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3-Food: Labels unchanged despite new rules in Thailand

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TITLE:  Labels unchanged despite new rules
        Disclosure demand too weak, say critics
SOURCE: The Bangkok Post, Thailand, by Porpot Changyawa
DATE:   May 12, 2003

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Labels unchanged despite new rules
Disclosure demand too weak, say critics

Labels on food products on supermarket shelves remained unchanged
yesterday as the regulation requiring labelling of genetically-modified
ingredients came into force for the first day.

Greenpeace, which has campaigned for the labelling rule, blamed the lapse
on loopholes created by the loosely-written rule announced a year ago by
the Public Health Ministry.

The rule requires labelling on 24 types of products made from GM corn and
soybeans. A product where one of the three main ingredients contains more
than 5% GM materials must be labelled "made from genetically-modified
corn or soybeans".

However, a survey at a Bangkok supermarket yesterday found that none of
the products made from corn and soybeans, from tofu to soy milk to corn
snacks, was carrying such a label.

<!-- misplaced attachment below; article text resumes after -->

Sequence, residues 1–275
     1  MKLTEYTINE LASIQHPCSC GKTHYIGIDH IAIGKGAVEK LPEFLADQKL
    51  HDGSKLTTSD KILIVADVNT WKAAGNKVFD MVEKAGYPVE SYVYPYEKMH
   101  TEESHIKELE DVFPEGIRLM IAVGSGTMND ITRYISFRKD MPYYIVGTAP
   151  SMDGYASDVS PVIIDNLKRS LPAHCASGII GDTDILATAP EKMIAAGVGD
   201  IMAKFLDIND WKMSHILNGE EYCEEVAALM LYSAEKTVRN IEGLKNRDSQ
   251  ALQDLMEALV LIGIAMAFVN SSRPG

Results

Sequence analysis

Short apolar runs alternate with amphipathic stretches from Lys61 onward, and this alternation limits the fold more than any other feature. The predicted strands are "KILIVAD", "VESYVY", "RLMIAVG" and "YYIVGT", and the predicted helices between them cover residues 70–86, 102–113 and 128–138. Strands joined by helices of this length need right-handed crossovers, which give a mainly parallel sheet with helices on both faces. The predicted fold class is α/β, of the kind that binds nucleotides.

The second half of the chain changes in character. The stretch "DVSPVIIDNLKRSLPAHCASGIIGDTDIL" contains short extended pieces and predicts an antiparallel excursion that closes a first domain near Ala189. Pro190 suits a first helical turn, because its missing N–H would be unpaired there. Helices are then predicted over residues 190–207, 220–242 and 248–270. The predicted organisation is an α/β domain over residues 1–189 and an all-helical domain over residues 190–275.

Consumers said they knew too little about genetically-modified organisms
(GMOs) to be concerned.

"If they want to stress the impact of GM materials in food, the authority
should include possible side-effects in the labels, too," said Wacharee
Narakul, 42, a nurse who was shopping at a Lotus superstore.

"We expect little change to come from the rule. We know they have left a
lot of room for producers to get away with not informing consumers," said
Greenpeace Southeast Asia campaigner Varoonvarn Svangsopakul.

Even products which Greenpeace knew contained GM materials, such as
Nestle's baby food Cerelac, did not need a special label under the rule,
she said.

Many more products would need to change their labels if the Food and
Drugs Administration had set a benchmark of 1% instead of 5%, and based
the requirement on overall ingredients, not only the top three.

Corn syrup, corn starch, and soybean starch used in the products would be
identified under a stricter guideline.

"To continue using the present rule is to continue lying to consumers.
It's their right to know what they eat," Ms Varoonvarn said.

She also called on the FDA to be strict and thorough in implementing the

Thailand is said to have based its labelling rule on a Japanese model,
but Japan had another law banning imports of GM materials. The only GM
materials Japan deals with are ones produced domestically.

Greenpeace also wanted the rules to be extended to cover potatoes,
papayas, and tomatoes.

The FDA says it has no equipment to check GM presence in food other than
corn and soybean.